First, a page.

Google on Monday reduced the price it charges for Cloud Platform virtual machines by 30% and introduced Preemptible Virtual Machines, a type of VM that runs intermittently and costs 70% less than traditional VMs.
The reduction continues a series of price drops among major public cloud providers over the past several years. Last year, for example, Google dropped prices in March and October; Amazon announced price reductions in March, July, November, and December; and Microsoft dropped prices for its Azure cloud in January, March, and September.
The slashing has been deep enough that major cloud companies, including HP, have repositioned their public cloud businesses to focus more on enterprise customers. There could still be room for further price reductions, however, given that Amazon's operating margin for AWS was almost 17% during the first quarter of the year, the first time the company has broken out cloud revenue and operating costs.
Google now claims its Cloud Platform is "40% less expensive for many workloads" compared to the competition. It also offers a total cost of ownership (TCO) tool, which lists various AWS configurations that cost between 67% to 157% more than Google Cloud Platform.
However, that pricing depends on the specific job, and most cloud service providers have specific strengths and weaknesses, as well as negotiated discounts, Gartner analyst Lydia Leong said.
"On a 'street pricing' level, AWS, Azure, and Google have been roughly similar," said Leong, via email. "I would anticipate that AWS, which hasn't done a recent major price cut on virtual machines, is likely to do so, although I would not necessarily assume that they'll drop prices as low as Google has, since [Amazon] currently enjoys the premium position in the market."
Leong said she expects Microsoft will match any AWS price drop, since they have publicly pledged to do so.
"Google is gaining some traction in the market, but they are a provider with far more potential than is manifested in today's capabilities," said Leong.
Preemptible Virtual Machines (PVMs) are similar in concept to AWS Spot Instances. They're suited for jobs that aren't time-sensitive and can be interrupted. Google's Chrome security team uses them to run its Clusterfuzz tool to conduct randomized tests on the security of Chrome's code.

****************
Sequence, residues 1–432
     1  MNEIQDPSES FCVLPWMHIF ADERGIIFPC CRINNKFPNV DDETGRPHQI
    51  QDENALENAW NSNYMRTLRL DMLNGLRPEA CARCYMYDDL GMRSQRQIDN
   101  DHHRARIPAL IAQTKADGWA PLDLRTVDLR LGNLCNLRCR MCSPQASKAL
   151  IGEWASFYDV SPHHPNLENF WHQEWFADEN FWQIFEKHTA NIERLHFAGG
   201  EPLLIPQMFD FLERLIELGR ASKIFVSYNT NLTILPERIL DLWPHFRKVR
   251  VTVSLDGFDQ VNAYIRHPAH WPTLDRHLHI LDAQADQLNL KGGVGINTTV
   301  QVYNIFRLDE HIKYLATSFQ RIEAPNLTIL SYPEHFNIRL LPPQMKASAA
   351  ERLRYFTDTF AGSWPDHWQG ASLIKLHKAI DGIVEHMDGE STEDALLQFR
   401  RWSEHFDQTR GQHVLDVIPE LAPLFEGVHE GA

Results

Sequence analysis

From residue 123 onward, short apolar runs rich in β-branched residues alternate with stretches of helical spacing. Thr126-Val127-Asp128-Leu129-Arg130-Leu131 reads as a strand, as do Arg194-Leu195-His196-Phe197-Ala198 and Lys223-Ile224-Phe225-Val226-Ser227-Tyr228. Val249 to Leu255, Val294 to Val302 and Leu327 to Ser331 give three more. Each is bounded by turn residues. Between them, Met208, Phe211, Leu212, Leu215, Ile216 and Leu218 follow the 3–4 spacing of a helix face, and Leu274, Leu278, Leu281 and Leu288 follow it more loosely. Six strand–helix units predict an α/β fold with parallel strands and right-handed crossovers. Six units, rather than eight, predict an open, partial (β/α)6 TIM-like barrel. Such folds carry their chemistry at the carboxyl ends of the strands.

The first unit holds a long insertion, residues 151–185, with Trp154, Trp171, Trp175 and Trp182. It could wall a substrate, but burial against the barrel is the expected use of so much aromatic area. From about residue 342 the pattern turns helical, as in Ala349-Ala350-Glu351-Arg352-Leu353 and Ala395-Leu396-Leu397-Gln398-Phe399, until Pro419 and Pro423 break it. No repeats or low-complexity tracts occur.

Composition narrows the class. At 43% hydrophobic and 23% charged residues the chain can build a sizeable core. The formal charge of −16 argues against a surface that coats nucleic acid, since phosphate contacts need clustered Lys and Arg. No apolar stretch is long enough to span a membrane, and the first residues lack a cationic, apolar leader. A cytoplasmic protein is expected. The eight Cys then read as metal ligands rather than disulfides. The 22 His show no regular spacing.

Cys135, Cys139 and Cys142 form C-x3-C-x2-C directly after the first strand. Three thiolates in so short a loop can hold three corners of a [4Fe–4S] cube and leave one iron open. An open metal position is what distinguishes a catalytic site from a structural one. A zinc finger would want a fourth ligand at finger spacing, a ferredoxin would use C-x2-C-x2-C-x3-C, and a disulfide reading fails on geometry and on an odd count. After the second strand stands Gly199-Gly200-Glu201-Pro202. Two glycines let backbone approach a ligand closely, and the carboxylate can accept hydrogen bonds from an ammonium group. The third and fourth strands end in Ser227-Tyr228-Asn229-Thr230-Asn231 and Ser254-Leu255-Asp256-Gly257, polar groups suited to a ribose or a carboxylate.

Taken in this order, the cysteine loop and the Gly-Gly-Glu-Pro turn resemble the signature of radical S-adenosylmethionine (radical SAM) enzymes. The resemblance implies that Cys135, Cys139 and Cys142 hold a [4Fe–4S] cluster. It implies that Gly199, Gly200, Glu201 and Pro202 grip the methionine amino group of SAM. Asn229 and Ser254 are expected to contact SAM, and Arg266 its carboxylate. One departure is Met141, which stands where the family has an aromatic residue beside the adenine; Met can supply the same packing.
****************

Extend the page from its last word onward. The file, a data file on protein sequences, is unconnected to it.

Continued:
Descartes Labs, an image recognition startup in Los Alamos, New Mexico, has been using PVMs to analyze satellite pictures as a way to assess the health of farmers' crops around the globe. The company relies on commodity computing hardware in conjunction with its own software and algorithms on Google Cloud Platform.
"Our initial reason for choosing Google Cloud was because of the close proximity to the entire Landsat archive," said Mark Johnson, co-founder and CEO of Descartes Labs, via email, referring to the government-sponsored repository of satellite land images. "For big data jobs, one of the biggest costs is moving around and storing data. The Landsat archive is a gold mine of information about our planet. If we wanted to download it, it would have taken 25 years on a 10 megabit connection, not to mention the exorbitant storage costs."
Assessing the location and health of crops worldwide involved preparing over a petabyte of NASA satellite imagery -- 40 years of pictures covering over 100 billion square kilometers -- to make it ready for the company's machine learning algorithms.
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"Given that we were processing so much data and that we're a seed-funded startup, it was imperative that we bring down costs as much as possible," said Johnson. "Time wasn't an issue for us, since the job could have run over multiple days."
Google personnel suggested that Descartes try the company's new Preemptive VMs for its project, which Johnson said saved the company 70% on its bill. The job, which utilized almost 30,000 CPUs, still got done in 16 hours. "PVMs will become an important part of our processing and machine learning pipeline for non-time-critical tasks," said Johnson.
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